Henry Wagman died 200 years ago yesterday. Our neighbors discovered his grave up on an old logging road between our two properties and went there yesterday to lay a wreath and remember someone who had been completely forgotten for years.
The first I knew of him was in a reference in a History of Gravestones in Dutchess County by J. Wilson Poucher MD and Helen Wilkinson Reynolds who gathered the inscriptions of all the burial grounds in Dutchess County from April 1911 until 1916. They went to every township in Dutchess County and recorded the names on the stones. Their description of the little cemetery was as follows:
Location: East of North Clove, on the farm of James Pearson near the top of the mountain
Condition: Aruined stone wall surrounds a rough inclosure filled with brush and saplings
nscriptions: i in number Copied September 8,1914
Remarks: Van Wagenen Ground. Only one stone remaining in the family enclosure where, originally (within the memory of one now living there were many.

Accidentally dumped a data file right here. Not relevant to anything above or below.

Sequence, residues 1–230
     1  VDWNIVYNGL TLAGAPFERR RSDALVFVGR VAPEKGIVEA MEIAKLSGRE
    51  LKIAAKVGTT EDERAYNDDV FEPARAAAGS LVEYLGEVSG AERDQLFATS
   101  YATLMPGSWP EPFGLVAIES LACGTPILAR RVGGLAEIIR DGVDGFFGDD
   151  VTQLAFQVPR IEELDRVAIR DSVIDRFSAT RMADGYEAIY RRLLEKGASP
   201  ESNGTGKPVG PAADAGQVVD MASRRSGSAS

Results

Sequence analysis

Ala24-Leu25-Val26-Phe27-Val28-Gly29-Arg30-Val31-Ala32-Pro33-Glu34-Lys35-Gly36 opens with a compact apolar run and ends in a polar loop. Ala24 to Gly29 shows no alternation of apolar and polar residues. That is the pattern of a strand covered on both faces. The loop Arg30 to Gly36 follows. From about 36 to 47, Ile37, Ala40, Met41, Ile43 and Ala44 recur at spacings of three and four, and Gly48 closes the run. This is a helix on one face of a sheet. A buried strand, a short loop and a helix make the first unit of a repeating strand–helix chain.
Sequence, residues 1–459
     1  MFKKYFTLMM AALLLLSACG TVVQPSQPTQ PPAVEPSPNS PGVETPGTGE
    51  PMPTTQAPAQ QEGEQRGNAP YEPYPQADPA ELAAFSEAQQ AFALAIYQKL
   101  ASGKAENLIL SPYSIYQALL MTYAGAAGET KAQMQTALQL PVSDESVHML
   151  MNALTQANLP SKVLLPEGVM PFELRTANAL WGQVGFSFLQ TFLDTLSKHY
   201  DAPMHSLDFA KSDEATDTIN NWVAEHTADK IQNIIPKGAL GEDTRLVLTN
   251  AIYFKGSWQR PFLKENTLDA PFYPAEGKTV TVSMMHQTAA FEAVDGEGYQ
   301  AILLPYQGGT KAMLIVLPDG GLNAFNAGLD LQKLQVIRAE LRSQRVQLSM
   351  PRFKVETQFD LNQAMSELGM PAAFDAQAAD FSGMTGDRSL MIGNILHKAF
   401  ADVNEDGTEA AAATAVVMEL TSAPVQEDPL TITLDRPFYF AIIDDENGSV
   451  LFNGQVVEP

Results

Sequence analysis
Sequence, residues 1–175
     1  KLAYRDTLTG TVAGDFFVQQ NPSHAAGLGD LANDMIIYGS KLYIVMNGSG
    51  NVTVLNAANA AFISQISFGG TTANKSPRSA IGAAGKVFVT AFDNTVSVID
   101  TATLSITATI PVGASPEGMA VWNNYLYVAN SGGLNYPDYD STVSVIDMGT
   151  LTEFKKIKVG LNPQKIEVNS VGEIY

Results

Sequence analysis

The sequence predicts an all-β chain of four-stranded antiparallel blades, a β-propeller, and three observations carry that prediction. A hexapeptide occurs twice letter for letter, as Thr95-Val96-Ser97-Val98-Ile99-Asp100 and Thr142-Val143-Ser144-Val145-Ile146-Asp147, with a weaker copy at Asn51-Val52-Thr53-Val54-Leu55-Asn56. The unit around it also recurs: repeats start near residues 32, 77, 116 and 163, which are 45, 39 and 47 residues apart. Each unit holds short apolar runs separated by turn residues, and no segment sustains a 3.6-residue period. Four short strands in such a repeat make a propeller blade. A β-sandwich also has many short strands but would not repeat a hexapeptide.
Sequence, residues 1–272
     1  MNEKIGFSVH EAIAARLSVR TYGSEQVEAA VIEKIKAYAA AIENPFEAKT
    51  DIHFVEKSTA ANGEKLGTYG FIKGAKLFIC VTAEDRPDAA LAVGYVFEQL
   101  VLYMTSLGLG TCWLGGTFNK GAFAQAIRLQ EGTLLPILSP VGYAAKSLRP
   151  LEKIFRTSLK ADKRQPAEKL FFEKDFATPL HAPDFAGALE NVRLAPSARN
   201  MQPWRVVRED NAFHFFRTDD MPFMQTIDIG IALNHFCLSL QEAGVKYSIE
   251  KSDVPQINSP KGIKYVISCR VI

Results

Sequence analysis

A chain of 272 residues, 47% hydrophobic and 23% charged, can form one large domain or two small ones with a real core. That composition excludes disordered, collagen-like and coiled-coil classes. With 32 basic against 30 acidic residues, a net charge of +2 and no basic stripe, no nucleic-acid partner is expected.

The old farm house which appeared on the earliest maps was called the Van Wagenen fam, an old Dutch Hudson Valley family name, and I think Henry’s original name was the same. The farmhouse which is still standing, about 1/2 mile further to the North, was built in 1803.
When the frost comes out of the ground next spring we are going to get a strong metal bar and poke around to see if we can find any more stones. The idea that in 1914 there was an old timer who remembered that there were more stones is fascinating. Think about it. If the person who remembered the other stones was 80 at the time, he or she had been born in the 1830s!